Even though Jesus’ message in his time was meant to specifically call out corrupt and wayward religious leaders rather than all the people, I believe his message is relevant for us today.

Every week at this service, when we have our time of offering, we acknowledge that all good things in our lives come as gifts of God’s grace. We say it and we pray it, but how willing are we to really accept it and live into it?

The truth that we proclaim is that this world and all that is in it—even our very lives—belong, not to us, but to God. But do we believe it?

Sometimes, when we take care of something for so long, we forget that it doesn’t belong to us. And that makes sense. This world and these lives are all we’ve ever known. And we work hard! To take care of them, to build them up, to make them good and fruitful. Think of all the effort that has gone into building up this church over the past century. And despite all of that hard work and care, we’re supposed to just hand them over to Jesus to serve his purpose? Honestly, it feels a little unfair.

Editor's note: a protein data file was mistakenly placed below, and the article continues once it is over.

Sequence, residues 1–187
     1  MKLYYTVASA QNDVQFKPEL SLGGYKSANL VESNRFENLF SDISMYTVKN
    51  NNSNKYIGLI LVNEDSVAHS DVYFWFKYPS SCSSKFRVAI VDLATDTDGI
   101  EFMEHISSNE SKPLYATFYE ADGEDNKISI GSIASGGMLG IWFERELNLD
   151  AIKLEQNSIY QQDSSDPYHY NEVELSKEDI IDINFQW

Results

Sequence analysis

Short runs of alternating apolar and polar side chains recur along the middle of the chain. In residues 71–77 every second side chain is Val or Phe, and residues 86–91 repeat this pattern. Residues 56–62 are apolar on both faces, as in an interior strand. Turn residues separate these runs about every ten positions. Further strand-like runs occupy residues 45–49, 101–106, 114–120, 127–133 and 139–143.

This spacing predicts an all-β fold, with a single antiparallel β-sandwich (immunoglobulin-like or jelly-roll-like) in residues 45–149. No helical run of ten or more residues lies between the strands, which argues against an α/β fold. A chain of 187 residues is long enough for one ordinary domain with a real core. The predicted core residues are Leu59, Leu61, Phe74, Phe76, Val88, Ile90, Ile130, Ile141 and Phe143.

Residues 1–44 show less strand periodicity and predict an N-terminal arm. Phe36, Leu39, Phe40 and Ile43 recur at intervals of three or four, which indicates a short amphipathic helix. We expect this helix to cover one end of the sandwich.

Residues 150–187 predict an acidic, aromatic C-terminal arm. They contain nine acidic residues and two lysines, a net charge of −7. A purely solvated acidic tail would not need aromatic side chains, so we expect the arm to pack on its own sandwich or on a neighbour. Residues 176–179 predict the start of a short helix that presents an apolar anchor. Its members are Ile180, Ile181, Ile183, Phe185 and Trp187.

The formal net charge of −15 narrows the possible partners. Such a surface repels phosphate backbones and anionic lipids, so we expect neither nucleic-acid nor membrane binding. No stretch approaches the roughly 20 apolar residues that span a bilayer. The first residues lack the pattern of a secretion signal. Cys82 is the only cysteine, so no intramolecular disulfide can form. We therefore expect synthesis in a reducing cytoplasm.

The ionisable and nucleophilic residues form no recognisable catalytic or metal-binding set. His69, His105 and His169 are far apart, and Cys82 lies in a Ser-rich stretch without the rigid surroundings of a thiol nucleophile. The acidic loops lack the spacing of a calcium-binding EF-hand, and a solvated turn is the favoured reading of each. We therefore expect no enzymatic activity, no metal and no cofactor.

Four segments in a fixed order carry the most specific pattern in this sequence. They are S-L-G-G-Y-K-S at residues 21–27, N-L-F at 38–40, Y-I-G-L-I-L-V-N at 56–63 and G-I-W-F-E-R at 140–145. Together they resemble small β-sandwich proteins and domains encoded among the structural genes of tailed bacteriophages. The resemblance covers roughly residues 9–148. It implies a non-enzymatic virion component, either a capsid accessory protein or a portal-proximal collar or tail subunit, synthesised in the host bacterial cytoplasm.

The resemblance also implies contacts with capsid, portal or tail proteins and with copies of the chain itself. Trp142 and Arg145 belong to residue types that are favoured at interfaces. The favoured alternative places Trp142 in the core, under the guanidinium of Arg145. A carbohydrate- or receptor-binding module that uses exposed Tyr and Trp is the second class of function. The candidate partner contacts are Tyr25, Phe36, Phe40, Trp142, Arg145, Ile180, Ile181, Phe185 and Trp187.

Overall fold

In Jesus’ parable, the landowner sets up the vineyard before he ever leaves it in the hands of the tenants. The tenants work hard to care for the land, yes, but they forget that the owner’s work in the beginning is what made their work able to yield fruit in the first place.

The problem is that when we’re given power over something we forget where it comes from and we get possessive. And the more power and privilege we find ourselves with the more possessive we get. Then it stops being about what we were entrusted with—to care for and tend to—and becomes instead about what we have to gain or lose.

At our worst, we trade in our commitments to justice and a better world for bitter diatribe and corrupt, territorial volleys for power. We tear each other down and rip each other apart in the name of somehow building ourselves up. We get it in our heads that the only way to make sure we are okay, is to make sure that somebody else isn’t. This worldview is rooted in a myth of scarcity. It’s suggests that there is not enough to go around.

This fear of scarcity is what drives the tenants to kill the landowner’s son. It is what terrifies the Pharisees into seeing Jesus as an enemy that must be eliminated in the name of the very faith he has come to illuminate. We may feel like these acts of fear-driven violence are far beyond what we are culpable of even our worst days, but when we operate from this fear and possessiveness—when our sisters and brothers become nothing more than enemies to be defeated or obstacles to be overcome or objects to be exploited—are we not in some way destroying the image of Christ we are called to see in them?

When we operate from this perspective of scarcity—where life and this world are matters of winning or losing, the question that drives us is: what’s in it for us?